When election day arrives, it appears as though Ontarians will have a choice in which poison pill to swallow: record deficits with Premier Doug Ford, Liberal leader Steven Del Duca, or NDP leader Andrea Horwath.
It’s an unfortunate consensus: the three major party leaders are promising to run record-high deficits.
But no matter what Ontario’s politicians might argue, it doesn’t have to be this way.
Just a few weeks ago, Ontario’s Financial Accountability Office (FAO), an independent government agency, declared that the province’s books would be balanced by 2023 had the Ford government simply held the line on spending.
Ford could have presented the province’s first balanced budget in almost 20 years.
Instead, he chose to ramp up his party with taxpayers’ money and abandon the fiscally responsible path made available to him.
When Finance Minister Peter Bethlenfalvy tabled the government’s election budget in late April, it included a $19.9 billion deficit, the largest in the province’s history.
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Yes, higher than the government ran in the thick of the pandemic.
With Ontario’s unemployment rate nearing historic lows and inflated government revenues, the Ford government’s approach to fiscal management is inexcusable. Government revenue has increased by over $15 billion since the start of the pandemic. Still, somehow, Ford managed to blow through that cash windfall and then some.
This isn’t all going to highways and hospitals. Much of the government’s spending is dubious. For example, Ford gave $300 million to Stellantis for factory upgrades, despite the company having revenue exceeding $168 billion in 2021.
There was also no major tax relief in sight.
With inflation at a 30-year high and living costs soaring, Ontarians are looking for relief. Rather than throwing billions of dollars to nearly every government department, Ford had an opportunity to offer meaningful long-term tax relief for Ontario families. Instead, he chose to go on a spending bonanza.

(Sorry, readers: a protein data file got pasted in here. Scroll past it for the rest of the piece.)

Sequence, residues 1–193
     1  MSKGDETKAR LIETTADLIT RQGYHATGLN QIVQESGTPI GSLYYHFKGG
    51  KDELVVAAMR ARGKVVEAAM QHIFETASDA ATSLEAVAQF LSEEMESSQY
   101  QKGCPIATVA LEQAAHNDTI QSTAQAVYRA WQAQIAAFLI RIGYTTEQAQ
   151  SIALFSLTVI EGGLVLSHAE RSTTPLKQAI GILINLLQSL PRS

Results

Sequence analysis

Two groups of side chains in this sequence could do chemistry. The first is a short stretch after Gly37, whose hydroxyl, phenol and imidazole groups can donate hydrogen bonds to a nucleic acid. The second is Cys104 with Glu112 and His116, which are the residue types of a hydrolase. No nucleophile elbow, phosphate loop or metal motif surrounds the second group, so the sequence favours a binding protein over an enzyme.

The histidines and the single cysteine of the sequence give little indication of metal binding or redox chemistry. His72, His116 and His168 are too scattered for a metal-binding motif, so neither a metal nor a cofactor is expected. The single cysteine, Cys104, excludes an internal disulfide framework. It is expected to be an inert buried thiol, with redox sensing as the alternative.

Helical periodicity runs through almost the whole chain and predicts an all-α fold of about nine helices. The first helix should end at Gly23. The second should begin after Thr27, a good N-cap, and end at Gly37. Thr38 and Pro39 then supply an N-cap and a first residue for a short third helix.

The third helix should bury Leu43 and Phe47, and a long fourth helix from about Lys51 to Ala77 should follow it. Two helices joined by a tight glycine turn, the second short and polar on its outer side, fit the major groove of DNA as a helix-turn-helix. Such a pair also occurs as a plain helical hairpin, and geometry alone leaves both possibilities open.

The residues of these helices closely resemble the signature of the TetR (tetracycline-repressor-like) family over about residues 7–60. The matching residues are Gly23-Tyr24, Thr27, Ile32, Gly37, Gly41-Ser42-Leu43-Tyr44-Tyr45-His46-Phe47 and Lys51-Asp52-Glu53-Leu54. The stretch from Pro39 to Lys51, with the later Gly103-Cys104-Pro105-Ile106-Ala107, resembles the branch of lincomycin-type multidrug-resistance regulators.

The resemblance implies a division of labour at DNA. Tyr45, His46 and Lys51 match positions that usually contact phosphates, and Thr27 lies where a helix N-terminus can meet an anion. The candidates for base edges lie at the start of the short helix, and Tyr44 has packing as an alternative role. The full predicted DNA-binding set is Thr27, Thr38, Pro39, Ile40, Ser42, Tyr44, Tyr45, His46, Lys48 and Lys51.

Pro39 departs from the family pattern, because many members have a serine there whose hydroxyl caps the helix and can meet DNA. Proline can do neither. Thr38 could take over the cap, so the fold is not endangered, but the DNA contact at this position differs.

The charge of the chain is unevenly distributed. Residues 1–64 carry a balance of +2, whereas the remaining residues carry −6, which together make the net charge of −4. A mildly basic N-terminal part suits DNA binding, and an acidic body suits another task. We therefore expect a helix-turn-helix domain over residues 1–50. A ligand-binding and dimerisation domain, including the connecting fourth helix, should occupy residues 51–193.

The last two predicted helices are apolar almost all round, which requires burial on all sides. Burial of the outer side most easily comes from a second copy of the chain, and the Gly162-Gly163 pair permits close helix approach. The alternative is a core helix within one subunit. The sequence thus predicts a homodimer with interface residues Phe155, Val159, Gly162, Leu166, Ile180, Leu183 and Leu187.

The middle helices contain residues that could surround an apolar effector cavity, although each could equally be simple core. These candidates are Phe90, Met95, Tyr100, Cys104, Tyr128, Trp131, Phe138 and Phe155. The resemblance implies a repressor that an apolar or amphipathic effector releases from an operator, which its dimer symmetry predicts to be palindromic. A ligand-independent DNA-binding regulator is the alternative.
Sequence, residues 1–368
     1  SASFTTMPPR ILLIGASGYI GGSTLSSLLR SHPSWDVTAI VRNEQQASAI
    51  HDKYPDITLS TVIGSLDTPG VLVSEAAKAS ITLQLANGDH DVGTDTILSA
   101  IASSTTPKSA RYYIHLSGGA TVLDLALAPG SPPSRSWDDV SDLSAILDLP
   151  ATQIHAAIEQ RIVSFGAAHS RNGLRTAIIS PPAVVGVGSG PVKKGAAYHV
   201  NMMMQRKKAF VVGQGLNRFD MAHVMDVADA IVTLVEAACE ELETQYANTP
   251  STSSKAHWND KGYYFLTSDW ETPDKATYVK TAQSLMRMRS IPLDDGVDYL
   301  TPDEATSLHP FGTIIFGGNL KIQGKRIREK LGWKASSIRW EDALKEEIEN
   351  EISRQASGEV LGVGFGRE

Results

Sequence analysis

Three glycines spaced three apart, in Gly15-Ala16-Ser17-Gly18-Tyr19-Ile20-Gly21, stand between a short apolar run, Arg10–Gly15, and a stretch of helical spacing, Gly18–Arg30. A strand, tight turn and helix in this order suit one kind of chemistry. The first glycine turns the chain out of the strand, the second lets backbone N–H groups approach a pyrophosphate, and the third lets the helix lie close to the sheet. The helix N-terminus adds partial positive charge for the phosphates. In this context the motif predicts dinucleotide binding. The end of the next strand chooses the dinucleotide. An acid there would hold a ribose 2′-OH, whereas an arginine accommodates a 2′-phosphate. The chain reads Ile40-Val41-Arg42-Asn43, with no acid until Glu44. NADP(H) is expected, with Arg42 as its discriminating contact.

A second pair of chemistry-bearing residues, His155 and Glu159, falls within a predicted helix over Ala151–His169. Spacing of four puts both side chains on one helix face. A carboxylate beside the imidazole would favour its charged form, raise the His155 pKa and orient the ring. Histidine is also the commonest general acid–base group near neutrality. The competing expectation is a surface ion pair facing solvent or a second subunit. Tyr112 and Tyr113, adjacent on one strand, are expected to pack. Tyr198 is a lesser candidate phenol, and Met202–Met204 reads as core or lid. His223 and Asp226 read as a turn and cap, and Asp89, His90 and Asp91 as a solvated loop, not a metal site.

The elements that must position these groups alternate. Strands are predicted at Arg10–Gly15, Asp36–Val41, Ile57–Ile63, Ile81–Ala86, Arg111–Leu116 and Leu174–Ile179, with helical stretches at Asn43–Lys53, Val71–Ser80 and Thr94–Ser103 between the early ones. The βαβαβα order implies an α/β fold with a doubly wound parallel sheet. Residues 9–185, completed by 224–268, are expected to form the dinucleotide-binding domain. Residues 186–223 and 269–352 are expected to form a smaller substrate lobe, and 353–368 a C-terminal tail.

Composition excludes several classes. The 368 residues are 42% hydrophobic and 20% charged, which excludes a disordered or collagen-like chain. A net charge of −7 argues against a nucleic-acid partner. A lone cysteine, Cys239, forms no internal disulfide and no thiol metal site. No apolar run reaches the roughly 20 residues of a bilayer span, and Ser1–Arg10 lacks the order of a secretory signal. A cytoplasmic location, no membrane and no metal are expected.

Ontario’s debt is now projected to pass $450 billion by the end of the year. Bondholders on Bay Street are going to rake in over $13 billion in interest charges alone in 2022-23. For perspective, with that same $13 billion, the Ontario government could cut the provincial portion of the HST from eight percent to five percent. Clearly, deficits do matter.
Budgeting is all about priorities. Ford could have prioritized the best interests of taxpayers by stopping Ontario’s deeper dive into debt and lowering taxes. Instead, he’s chosen to compete with his political opponents over who can spend the most money the fastest. And, based on the opposition’s platforms, that competition is hot.
Ford now suggests his party would take another five years to balance the books. That’s four years longer than the FAO’s sensible fiscal plan. Del Duca’s Liberals plan to spend more money, but keep the same balanced budget target. Meanwhile, Horwath’s NDP hasn’t even set a balanced budget date and would ramp up sending as well.
Clearly, Ontarians are at a restaurant where nothing on the menu is appetizing. Everything is greasy and full of carbs. Many Ontarians are likely thinking of having a glass of water and bolting from the restaurant to look for a healthier option.
But there’s still time for a better dish to make its way onto the menu. Ford, Del Duca, or Horwath could seize the moment and recognize that the elephant in the room in this election is affordability.
Importantly, affordability doesn’t mean more government programs that make taxpayers worse off. Real proposals to enhance affordability would promote lower deficits and lower taxes.
The competition for the pro-taxpayer vote is wide open. It’s time for one of the leaders to seize the moment.
Jay Goldberg is the Ontario Director for the Canadian Taxpayers Federation.
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